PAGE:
You may feel the chest pain in any area from the neck to the upper abdomen. Depending on the cause, chest pains can be: sharp, deaf, burning, painful, in the form of a stab, a pushing sensation.
The most common causes of chest pain
angina. A blockage in the blood vessels of the heart, which reduces the flow of blood and oxygen that goes to the heart muscle, causing pain, but no permanent lesions in the heart. In this case, the pain can spread to the arm, shoulder and jaw. It can feel like a pressure or a feeling of squeezing. Chest pain, which is caused by angina pectoris, can be triggered by physical exercise, strong emotions, or emotional stress. You can get rid of pain through rest.
Myocardial infarction (heart attack). Reducing blood flow through the blood vessels of the heart causes the death of heart muscle cells. Although it is similar to the pain caused by angina, the pain during a heart attack is more severe and does not pass if you resume. Sweating, nausea and weakness are other symptoms that can accompany pain.
myocarditis. Besides chest pain, this inflammation of the heart muscle can cause fever, fatigue, and breathing problems. Although in the case of myocarditis there is no blockage, its symptoms resemble those of a heart attack.
Pericarditis. Pericarditis is an inflammation or infection of the sac around the heart. This causes pain similar to that of angina. However, pericarditis causes sharp pain along the neck and heart muscle. Sometimes pain gets stronger when you breathe, eat or stretch your back.
Hypertrophic cardiomyopathy. Heart failure occurs when the heart muscle thickens, aggravating the process by which the heart pumps the blood. Besides chest pain, this type of cardiomyopathy can cause dizziness, confusion and shortness of breath.
Prolapse of the mitral valve. Mitral valve prolapse is a condition in which a heart valve does not close properly. The primary symptoms of the disorder are: chest pain, palpitations, dizziness. However, the prolapse of the mitral valve may not occur, especially if its shape is an easy one.
Pleuritis. Also known as pleurisy, this condition is the inflammation or irritation of the mucosa from the lungs and chest. If you have pleurisy, you will most likely feel a sharp pain when you breathe, cough or sneeze. The most common cause of pleural chest pain is bacterial or viral infections, pulmonary embolism or pneumothorax. Other uncommon causes include: rheumatoid, lupus, and cancer.
Pneumonia or abscess. These lung infections can cause pleuritic pain and other types of chest pain. Pneumonia occurs most of the time suddenly and is accompanied by fever, chills, cough, accompanied by pus from the respiratory tract.
Pulmonary embolism. When a blood clot circulates through the blood vessels and deposits into the lungs, it can cause acute pleurisy, breathing problems and rapid heartbeat. Lung embolism comes from a deep venous thrombosis or after the patient was immobile after surgery.
pneumothorax. It is often caused by chest chest tightness and occurs when a part of the lung caves, releasing air into the chest cavity.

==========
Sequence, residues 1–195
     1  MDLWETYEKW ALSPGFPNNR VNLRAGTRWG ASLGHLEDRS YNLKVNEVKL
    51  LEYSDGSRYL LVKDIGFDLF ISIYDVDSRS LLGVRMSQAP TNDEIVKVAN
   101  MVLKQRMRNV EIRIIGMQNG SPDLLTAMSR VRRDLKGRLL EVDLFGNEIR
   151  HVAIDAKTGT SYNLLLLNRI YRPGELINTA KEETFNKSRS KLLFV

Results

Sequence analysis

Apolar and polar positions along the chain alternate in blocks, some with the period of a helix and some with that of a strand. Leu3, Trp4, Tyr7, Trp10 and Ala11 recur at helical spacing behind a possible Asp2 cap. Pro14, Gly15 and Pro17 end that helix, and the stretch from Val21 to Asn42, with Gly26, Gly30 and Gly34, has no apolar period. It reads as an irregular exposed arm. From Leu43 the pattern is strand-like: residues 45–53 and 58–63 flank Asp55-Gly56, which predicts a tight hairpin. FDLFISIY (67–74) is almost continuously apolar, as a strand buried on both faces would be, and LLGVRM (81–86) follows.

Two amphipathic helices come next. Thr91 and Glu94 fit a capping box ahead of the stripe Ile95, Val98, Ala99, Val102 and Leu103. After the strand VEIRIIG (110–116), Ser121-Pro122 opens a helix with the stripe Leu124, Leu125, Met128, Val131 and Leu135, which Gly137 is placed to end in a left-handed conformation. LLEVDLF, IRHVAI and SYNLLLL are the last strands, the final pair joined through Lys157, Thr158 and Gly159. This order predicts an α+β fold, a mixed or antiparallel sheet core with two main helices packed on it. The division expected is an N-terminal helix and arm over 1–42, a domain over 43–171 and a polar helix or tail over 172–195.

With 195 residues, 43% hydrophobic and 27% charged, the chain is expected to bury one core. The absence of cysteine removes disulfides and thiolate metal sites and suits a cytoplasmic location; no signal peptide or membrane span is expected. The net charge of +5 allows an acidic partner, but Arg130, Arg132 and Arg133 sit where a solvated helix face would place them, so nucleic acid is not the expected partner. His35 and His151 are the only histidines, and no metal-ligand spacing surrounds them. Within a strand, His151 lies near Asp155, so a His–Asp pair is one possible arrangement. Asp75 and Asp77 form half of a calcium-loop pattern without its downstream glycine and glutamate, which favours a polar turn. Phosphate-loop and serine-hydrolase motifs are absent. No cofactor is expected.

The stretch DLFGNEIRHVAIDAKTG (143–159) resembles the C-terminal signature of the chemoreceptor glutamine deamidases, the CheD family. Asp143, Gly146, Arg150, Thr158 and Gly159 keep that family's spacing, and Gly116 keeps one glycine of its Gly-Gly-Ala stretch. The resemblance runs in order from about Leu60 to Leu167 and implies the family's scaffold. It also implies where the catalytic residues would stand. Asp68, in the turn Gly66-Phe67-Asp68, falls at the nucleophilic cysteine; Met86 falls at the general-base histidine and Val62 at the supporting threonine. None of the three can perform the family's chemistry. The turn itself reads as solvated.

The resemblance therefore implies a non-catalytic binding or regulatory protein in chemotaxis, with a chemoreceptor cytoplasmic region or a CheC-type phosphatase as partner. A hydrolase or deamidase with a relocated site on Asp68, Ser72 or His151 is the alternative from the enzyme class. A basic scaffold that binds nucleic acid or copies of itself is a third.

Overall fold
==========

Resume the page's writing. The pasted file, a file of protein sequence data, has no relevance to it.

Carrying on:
Pulmonary hypertension. The pain caused by pulmonary hypertension is similar to that caused by angina.
asthma. Causing difficulty breathing, wheezing, coughing and sometimes chest pain, asthma is an inflammatory airway disorder.
Gastroesophageal reflux disease. Also known as acid reflux, gastroesophageal reflux disease occurs when stomach contents return to the throat. This can cause a sour taste in the mouth and a burning sensation at the pipette level. Factors that can trigger acid reflux include obesity, smoking, pregnancy, and spicy or fatty foods. Heart pain and acid reflux disease are similar because heart and esophagus are close and share a network of nerves.
Oesophageal contraction disorders. Uncoordinated muscle contractions (spasms) and high pressure contractions are problems in the esophagus, which can cause chest pain.
Esophageal hypersensitivity. These disorders occur when the esophagus becomes painful even at the slightest change in pressure or exposure to acid. The cause of this sensitivity is unknown.
Esophageal rupture. The first signs of esophageal rupture are severe and severe chest pain, followed by vomiting.
Peptic ulcer. A vague but recurrent discomfort could be the result of painful lesions in the lining of the stomach or the first part of the small intestine. This is more common in smokers, people who consume large amounts of alcohol or painkillers.
Hiatal hernia. This common problem occurs when the upper part of the stomach "pushes" into the chest after eating.
pancreatitis. You may have pancreatitis if you have chest pain that gets worse when you bend forward.
Problems in the gall bladder. If after eating a fat meal you have the feeling of fullness or pain at the bottom of your chest or at the top of the abdomen, it is possible that the chest pain is caused by a problem in the gallbladder.
- Bone, muscle or nerve problems
Sometimes, pain can be caused by over-stressing or a chest trauma. Viruses can also cause chest pain. Other causes of chest pain include:
Coastal problems. Pain caused by a fracture at the ribs can be worsened by an abnormal breath or cough. This is often limited to one area and you may feel pain when applying pressure.
Muscle tension. Strong cough can injure or inflame the muscles and tendons between the ribs, causing a chest pain. Pain tends to persist and gets worse as you become active.
Shingles. Caused by the varicella-zoster virus, the shingles can cause a sharp pain before the rash occurs.
Anxiety and panic attacks are causes of chest pain. Some associated symptoms may include dizziness, shortness of breath, palpitations, tingling sensation and trembling.